For one thing, patients assume they pay for the blood, thus should not be required to replace it. Well, blood is not sold, not in Korle-bu Teaching Hospital. What patients pay for is the processing of the blood. Let’s consider this, the blood bank goes through several processes to get its products. Blood donation exercises, such as Accra goes Red are key. Voluntary blood donation is not common practice in Ghana, thus blood donation exercises are a means of obtaining the products. Then there is the process of ensuring its safety. You don’t want to be transfused with blood infected with HIV, hepatits B, or whatever other infection the donor may have. That is a costly process. I could go on to talk about storage, and everything else that is done to ensure safety of the blood patients are transfused with. This is actually, what you pay for. Curiously, if the blood is not replaced how are we expected to provide for others?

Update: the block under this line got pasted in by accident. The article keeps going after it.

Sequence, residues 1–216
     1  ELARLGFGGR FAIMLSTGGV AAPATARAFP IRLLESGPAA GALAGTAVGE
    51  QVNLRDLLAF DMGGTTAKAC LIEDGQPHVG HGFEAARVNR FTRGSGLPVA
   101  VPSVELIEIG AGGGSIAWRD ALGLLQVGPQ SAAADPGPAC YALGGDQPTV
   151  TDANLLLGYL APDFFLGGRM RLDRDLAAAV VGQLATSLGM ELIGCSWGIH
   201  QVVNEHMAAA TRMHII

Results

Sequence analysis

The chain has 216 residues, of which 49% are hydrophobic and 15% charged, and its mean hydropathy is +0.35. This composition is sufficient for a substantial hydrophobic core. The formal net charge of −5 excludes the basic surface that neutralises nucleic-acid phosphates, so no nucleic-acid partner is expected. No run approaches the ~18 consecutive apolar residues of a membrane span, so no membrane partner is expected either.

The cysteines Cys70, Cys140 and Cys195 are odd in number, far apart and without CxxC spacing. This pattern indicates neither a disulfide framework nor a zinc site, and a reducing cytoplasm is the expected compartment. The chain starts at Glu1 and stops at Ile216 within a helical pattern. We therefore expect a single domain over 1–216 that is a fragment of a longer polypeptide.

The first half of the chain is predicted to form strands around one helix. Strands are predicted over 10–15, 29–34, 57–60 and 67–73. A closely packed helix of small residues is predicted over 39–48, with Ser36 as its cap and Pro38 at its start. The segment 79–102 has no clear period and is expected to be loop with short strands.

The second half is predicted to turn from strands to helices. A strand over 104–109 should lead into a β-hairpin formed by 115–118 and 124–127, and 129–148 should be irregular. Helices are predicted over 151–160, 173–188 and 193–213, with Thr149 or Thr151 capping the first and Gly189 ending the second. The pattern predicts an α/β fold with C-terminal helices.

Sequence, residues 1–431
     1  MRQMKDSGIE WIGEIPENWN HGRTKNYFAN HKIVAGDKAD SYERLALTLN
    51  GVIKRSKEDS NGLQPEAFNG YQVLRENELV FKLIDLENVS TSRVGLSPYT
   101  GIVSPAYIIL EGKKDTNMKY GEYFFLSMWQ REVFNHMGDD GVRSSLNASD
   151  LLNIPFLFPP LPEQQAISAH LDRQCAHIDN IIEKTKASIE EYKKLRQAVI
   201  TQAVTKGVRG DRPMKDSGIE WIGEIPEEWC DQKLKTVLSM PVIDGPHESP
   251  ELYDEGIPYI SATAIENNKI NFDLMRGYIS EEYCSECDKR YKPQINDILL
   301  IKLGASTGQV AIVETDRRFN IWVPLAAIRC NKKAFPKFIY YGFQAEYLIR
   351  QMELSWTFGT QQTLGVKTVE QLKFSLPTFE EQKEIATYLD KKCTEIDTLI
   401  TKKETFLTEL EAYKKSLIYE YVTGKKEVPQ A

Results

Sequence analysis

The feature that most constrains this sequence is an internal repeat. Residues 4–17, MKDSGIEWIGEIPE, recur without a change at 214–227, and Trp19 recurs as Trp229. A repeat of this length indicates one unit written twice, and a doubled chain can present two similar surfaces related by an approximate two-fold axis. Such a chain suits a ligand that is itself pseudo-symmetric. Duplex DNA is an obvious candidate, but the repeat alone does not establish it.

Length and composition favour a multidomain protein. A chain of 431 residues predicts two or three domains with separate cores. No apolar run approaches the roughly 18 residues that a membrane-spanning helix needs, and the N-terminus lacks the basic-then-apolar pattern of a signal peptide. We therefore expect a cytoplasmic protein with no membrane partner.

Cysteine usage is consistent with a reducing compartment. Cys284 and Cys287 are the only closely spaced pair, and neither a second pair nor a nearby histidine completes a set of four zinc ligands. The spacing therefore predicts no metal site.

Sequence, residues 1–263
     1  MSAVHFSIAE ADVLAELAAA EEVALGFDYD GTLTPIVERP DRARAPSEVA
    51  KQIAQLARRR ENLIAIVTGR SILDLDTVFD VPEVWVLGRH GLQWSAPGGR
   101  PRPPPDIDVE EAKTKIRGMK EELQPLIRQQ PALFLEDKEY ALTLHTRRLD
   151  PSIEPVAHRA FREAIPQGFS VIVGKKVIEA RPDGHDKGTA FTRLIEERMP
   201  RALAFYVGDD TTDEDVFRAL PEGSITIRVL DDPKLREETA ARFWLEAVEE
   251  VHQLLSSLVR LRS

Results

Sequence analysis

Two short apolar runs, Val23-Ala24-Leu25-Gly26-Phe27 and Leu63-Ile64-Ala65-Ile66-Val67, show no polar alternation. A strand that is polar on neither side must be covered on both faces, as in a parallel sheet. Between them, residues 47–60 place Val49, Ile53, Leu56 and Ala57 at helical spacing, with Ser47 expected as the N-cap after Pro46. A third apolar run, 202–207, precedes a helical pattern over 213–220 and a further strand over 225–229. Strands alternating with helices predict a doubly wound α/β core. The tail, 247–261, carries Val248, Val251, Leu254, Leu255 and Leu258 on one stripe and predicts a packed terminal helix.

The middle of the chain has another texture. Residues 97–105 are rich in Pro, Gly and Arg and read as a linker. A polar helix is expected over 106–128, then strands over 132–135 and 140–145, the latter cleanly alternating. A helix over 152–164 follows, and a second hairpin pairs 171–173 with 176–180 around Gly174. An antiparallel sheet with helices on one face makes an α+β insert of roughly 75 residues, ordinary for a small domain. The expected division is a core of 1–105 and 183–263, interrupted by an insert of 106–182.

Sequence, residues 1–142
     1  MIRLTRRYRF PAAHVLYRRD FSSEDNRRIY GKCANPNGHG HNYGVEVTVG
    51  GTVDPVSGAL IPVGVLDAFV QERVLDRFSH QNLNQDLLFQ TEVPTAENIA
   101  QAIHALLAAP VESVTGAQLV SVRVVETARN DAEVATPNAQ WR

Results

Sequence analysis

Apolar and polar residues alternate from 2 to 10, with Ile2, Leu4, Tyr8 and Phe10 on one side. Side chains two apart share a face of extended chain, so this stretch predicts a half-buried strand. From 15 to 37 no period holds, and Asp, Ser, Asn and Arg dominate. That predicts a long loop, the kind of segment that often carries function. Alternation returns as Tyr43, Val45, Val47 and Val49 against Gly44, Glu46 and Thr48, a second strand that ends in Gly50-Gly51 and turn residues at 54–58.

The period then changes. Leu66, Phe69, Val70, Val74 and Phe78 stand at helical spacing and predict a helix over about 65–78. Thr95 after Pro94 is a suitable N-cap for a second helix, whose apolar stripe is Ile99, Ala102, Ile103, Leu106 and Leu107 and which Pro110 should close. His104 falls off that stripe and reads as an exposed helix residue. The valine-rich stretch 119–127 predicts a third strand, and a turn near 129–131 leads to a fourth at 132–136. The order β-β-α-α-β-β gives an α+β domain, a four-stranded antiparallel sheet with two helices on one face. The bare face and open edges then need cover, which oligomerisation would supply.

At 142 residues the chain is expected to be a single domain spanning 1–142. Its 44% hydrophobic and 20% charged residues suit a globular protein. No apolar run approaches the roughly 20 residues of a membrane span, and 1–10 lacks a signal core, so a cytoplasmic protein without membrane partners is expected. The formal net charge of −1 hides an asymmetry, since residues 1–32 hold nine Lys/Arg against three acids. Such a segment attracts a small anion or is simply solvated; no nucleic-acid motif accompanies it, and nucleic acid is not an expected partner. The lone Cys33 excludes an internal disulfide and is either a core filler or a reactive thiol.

Now, blood! Oh bloody hell! There is so much apprehension with its usage. For religious reasons of course, some persons do not accept blood transfusions. I absolutely respect that. I may not agree, but, we all have the right to whatever religious belief we identify with. Then, there is sheer ignorance. It beats me how people can be so sorely mistaken about something and yet so passionately apprehensive of it. Last weekend, I was involved in a blood donation exercise, I have to say, I learnt a lot. It was a good experience.
There were a number of people, voluntary donors (the safest type there are) who actually came to the donation site, because they have decided to give blood to help save lives. There were a few people who came to attend to their own business at the mall, but on minimal interaction were convinced and willing to help. One guy was actually quite surprised that he had been convinced to donate. He was like; ‘I better go to heaven for this.’ And am like ‘mannn, you need Jesus for that!’ Cool guy, we had quite an interesting conversation. There were a few who were knowledgeable about the process, and will straight up say, I donated recently, I can’t safely donate now, or I have been unwell I have malaria. I even had a guy say, I can’t donate, I have hepatitis B. A good number said, I partied a lot last night. I had a lot of alcohol. I loved that some people were aware of reasons why they were not qualified to donate. At least, there is some education out there even though a lot more needs to be done.